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Drugs direct to the brain, surgeon ‘club culture’ criticism and the homemade cure which worked

By Laura Passi

Our roundup of the health news headlines on Monday 21 March.

Scientists in the UK have discovered a new way of administering drugs, making parts of the brain accessible for treatment, says the Telegraph. They have ‘successfully switched off a gene linked to Alzheimer's in the brains of mice by exploiting tiny particles naturally released by cells, called exosomes.' Researchers hope this could soon be used to treat those with Alzheimer's, motor neurone disease, Parkinson's and Huntington's, although more testing is required.

An inquiry led by economist Andrew Dilnot has estimated the average cost of care, ‘with almost one in five people who need residential care after the age of 65 facing a bill of more than £100,000', the Guardian reports today. The report shows the need for a new system in which those with property or savings don't need to pay the entire bill, we're told. Dilnot is expected to recommend ‘a ‘partnership' arrangement by which the state would pay more but the individual would be given incentives to take out insurance.

The Independent reports on a ‘scathing' account of the ‘club culture' among surgeons who are reportedly willing to accept poor performance from their colleagues due to a ‘misplaced sense of collegiality'. Death rates for each named cardiac surgeon are published yearly, however other specialties death rates are not. Andrew Lansley's ‘information revolution' will include an extra £1.2m to fund more data on doctors' performance, we're told.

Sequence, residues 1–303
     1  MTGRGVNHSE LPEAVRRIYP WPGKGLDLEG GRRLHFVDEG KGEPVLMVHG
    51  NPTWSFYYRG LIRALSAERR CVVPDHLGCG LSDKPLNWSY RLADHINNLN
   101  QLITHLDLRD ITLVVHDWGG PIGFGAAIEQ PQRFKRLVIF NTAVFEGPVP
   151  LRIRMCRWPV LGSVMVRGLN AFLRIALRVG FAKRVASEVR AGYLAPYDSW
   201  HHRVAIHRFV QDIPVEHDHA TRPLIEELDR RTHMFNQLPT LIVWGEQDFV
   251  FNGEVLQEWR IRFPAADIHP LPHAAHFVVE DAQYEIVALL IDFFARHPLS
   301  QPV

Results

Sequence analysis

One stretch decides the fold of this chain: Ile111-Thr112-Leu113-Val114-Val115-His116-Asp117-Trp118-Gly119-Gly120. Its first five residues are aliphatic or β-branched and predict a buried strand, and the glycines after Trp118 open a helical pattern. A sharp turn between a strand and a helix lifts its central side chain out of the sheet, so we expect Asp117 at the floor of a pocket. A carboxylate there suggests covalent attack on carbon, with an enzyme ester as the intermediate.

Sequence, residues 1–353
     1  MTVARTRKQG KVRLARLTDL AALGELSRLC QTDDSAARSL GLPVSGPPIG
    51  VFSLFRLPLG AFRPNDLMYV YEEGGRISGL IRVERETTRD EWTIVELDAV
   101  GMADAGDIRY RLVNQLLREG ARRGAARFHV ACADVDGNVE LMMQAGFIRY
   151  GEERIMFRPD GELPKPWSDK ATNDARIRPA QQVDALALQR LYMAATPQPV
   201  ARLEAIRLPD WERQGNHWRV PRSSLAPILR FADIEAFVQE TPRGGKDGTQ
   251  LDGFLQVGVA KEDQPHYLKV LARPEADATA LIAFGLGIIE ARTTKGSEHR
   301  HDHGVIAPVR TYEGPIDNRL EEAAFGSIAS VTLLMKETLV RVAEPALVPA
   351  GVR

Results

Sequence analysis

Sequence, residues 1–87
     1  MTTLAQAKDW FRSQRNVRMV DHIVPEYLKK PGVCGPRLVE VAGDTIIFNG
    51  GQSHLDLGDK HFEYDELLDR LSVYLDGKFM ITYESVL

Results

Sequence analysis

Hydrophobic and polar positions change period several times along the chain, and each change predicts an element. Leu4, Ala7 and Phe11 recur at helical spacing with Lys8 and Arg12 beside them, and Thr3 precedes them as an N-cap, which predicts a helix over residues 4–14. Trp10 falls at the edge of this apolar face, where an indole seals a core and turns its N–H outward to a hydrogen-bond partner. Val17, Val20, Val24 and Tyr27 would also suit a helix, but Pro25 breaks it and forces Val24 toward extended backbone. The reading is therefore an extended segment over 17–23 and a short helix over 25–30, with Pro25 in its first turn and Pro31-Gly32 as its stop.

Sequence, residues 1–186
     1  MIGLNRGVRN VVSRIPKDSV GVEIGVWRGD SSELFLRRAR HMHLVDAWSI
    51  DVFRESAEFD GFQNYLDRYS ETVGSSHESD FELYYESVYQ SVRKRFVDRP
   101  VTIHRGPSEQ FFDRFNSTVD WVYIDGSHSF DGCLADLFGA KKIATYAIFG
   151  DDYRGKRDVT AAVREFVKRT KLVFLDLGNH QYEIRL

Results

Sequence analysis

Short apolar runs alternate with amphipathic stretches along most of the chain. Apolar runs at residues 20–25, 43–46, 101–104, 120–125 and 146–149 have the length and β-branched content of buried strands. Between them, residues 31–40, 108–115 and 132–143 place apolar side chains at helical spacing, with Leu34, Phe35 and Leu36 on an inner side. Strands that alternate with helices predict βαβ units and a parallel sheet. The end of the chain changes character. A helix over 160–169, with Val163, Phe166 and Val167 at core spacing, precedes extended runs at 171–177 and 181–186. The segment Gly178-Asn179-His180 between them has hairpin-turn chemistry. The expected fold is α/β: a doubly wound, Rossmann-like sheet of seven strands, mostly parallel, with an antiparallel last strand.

And finally, a mother at her ‘wits end' has created a £100,000-a-year business out of her 'homemade eczema cure'. Natalie Balmond was desperate to cure her daughter's eczema and so concocted a cream out of soothing oils and herbs, which worked and is now available on the NHS.

Spotted a story we've missed? Let us know in the comments and we'll update the digest throughout the day...

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